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Human Impacts

NOAA's National Marine Fisheries Service (NMFS) Office of Protected Resources cooperates with partners to conserve and recover protected marine species by minimizing human impacts. Below are some examples.

Fisheries Interactions (Bycatch)

The Office of Protected Resources' Fisheries Interactions program works to implement section 118 of the Marine Mammal Protection Act (MMPA) and regulations governing the incidental capture of marine mammals in commercial fisheries. The Office works with NMFS' regional offices through take reduction planning to reduce marine mammal bycatch in commercial fisheries. Additionally, the Office works to reduce bycatch of marine turtles by implementing management measures such as time/area closures, modifications to fishing gear and practices, and safe sea turtle handling practices.

Ocean Sound/ Acoustics

Intense underwater sound can harass or harm marine mammals. Human sources of sound include military activities, vessel operations, petrochemical and geophysical exploration, marine construction, and research activities. NMFS experts review proposed underwater activities and develop solutions to minimize the potential impacts to marine mammals.

Ship Strikes

Many species of marine mammals are injured by ship strikes. The problem is greatest for the critically endangered Northern right whale, one of the most commonly struck species. The Office of Protected Resources, in cooperation with the U.S. Coast Guard, works to minimize ship strikes by relaying information about recent whale locations to mariners. In addition, large ships are required to report when they enter areas with a high risk of a ship strike.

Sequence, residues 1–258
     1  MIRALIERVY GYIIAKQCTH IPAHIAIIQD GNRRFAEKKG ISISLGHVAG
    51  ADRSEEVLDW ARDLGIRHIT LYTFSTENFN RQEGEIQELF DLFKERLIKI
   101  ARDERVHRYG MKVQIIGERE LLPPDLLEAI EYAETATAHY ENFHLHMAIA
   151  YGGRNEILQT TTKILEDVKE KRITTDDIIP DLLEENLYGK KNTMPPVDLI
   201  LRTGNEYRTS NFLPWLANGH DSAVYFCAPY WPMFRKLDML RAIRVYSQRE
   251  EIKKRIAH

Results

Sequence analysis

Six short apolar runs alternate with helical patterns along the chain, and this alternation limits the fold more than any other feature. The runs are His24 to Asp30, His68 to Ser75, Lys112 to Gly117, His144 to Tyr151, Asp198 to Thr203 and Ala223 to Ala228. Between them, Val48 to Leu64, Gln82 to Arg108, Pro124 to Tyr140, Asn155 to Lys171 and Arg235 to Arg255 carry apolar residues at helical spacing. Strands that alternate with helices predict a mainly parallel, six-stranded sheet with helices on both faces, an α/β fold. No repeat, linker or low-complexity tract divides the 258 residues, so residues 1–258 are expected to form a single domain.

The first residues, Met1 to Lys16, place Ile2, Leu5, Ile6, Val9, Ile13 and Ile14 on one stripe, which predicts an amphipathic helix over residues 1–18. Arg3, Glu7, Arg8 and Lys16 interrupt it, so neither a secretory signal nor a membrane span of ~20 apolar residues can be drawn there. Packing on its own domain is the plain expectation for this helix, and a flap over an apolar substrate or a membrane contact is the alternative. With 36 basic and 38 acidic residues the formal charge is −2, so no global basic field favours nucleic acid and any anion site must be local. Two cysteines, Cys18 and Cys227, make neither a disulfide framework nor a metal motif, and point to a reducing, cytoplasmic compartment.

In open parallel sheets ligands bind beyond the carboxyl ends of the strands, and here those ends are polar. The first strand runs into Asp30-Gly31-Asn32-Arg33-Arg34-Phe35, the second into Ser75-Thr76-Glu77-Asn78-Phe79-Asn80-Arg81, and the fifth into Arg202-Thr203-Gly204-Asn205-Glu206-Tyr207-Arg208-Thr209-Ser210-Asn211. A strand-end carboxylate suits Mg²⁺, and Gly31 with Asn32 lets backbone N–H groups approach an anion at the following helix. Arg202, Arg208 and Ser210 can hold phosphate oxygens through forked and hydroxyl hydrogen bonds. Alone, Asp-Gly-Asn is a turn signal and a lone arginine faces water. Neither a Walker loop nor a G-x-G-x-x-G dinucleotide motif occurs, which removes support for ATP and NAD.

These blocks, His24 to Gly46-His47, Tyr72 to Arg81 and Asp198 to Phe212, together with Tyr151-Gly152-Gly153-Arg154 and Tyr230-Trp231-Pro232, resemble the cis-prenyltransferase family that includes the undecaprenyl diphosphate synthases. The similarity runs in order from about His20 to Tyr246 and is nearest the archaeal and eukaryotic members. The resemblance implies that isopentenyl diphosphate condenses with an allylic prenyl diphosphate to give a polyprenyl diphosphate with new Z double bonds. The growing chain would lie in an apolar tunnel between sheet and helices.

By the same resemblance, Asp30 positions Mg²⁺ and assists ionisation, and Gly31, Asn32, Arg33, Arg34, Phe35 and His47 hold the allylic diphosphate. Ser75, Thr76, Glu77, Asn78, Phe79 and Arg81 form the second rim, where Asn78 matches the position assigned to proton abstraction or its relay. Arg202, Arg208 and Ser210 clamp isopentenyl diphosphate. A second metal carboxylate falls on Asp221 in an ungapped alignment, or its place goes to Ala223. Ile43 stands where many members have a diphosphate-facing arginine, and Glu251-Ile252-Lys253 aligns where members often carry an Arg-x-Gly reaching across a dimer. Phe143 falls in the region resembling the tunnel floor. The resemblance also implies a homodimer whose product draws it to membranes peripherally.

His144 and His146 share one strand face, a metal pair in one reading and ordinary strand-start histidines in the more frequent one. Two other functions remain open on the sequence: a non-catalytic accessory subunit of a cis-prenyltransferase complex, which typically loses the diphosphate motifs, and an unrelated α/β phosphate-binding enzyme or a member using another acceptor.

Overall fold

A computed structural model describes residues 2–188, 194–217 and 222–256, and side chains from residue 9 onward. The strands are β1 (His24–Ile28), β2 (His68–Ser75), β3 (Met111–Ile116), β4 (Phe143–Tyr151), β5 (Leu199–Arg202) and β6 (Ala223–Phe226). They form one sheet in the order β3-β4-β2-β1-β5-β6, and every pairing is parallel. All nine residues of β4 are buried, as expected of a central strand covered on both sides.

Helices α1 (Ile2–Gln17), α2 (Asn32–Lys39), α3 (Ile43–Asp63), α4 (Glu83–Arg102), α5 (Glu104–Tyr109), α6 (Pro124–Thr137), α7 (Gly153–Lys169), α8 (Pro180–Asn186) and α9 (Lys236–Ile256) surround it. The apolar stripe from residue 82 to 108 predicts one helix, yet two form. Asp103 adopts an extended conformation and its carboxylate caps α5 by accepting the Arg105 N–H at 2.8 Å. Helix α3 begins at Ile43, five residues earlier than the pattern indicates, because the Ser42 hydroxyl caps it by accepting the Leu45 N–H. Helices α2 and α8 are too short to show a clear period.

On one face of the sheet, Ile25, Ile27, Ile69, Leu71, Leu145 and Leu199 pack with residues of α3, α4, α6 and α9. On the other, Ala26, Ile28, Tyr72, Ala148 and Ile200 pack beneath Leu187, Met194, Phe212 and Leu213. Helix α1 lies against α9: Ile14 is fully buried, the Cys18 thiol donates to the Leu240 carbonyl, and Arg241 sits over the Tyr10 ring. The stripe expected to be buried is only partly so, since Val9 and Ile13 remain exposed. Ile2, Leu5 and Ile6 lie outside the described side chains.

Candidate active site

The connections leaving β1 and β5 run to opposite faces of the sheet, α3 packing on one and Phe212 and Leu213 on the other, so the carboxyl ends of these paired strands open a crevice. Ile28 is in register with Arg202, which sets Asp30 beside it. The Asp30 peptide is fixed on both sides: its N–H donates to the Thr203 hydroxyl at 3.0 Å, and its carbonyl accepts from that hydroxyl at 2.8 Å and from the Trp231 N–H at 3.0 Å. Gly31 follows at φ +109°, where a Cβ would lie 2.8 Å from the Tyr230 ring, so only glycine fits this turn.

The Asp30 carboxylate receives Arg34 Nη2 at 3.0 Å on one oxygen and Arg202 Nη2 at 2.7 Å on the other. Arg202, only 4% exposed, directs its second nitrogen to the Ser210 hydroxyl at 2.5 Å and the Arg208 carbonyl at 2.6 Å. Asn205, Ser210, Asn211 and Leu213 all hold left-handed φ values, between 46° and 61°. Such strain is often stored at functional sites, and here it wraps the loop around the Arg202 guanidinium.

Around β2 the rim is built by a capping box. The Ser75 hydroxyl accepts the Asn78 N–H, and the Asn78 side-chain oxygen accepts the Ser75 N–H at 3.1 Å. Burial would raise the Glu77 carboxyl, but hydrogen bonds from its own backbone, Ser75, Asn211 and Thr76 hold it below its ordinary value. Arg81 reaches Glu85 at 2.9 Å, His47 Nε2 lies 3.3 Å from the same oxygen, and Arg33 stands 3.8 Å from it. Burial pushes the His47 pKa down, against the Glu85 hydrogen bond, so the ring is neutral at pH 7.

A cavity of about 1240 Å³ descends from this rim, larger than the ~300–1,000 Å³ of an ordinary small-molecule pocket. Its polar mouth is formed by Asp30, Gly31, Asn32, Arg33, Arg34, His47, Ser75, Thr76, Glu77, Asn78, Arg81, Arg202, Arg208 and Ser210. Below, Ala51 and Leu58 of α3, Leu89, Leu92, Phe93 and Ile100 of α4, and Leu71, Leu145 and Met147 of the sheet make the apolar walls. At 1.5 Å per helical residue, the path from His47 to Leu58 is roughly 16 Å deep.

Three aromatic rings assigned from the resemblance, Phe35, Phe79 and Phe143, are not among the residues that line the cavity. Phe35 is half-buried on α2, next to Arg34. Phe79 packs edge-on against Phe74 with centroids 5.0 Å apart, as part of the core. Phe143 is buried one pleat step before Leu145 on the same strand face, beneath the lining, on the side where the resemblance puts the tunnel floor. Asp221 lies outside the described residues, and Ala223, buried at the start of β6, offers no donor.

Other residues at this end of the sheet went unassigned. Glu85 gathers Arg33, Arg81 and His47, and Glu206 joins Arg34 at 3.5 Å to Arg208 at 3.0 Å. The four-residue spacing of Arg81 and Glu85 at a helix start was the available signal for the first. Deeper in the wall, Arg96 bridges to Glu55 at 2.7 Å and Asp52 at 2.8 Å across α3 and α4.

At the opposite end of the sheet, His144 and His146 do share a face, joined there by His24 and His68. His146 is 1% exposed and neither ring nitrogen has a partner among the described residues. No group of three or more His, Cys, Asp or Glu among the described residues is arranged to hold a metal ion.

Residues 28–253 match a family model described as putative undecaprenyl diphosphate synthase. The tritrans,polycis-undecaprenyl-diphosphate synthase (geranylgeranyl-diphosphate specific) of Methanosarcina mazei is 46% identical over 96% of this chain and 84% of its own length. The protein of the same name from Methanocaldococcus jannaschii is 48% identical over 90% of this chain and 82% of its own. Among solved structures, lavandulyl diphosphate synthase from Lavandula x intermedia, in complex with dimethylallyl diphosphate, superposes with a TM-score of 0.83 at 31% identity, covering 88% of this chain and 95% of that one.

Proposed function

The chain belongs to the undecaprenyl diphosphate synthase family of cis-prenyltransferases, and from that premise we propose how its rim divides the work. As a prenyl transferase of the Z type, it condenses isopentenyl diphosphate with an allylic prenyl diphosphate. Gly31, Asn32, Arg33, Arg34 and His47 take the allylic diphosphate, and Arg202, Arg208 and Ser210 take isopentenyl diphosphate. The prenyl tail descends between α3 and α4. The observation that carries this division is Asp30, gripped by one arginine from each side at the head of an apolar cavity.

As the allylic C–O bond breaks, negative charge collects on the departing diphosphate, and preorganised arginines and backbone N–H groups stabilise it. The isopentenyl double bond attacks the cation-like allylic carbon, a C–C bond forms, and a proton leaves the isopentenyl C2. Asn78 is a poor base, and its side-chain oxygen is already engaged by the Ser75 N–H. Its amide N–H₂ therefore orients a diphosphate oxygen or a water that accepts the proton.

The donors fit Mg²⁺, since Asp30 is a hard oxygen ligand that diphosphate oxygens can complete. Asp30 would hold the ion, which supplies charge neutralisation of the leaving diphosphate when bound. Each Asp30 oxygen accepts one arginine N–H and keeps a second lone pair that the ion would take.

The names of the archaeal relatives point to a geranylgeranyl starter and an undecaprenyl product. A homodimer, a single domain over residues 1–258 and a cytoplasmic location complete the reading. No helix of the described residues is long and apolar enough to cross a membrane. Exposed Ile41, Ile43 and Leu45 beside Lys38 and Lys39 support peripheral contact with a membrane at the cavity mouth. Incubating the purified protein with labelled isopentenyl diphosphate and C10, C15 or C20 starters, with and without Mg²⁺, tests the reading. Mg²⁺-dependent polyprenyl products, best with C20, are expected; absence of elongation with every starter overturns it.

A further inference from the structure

Viewing Wildlife

Viewing marine animals can be educational and enriching when conducted responsibly. However, without certain precautions, these activities can put both the animals and the viewers at risk. The Office of Protected Resources promotes responsible wildlife viewing through posters, pamphlets, and workshops.

Safely Deterring Marine Mammals

Human-marine mammal interactions are usually considered from the perspective of the impact of human activity on marine mammal populations or individuals. However, marine mammals may have an effect on human activities or property. As a result of such conflict, Congress included a provision for deterring marine mammals in MMPA section 101 to allow certain people to use safe, non-lethal methods to deter marine mammals to protect private or public property. NMFS, in collaboration with other Federal and state officials, has prepared information for deterring marine mammals, which is available on page at NMFS' Northwest Regional Office and NMFS' Southwest Regional Office.

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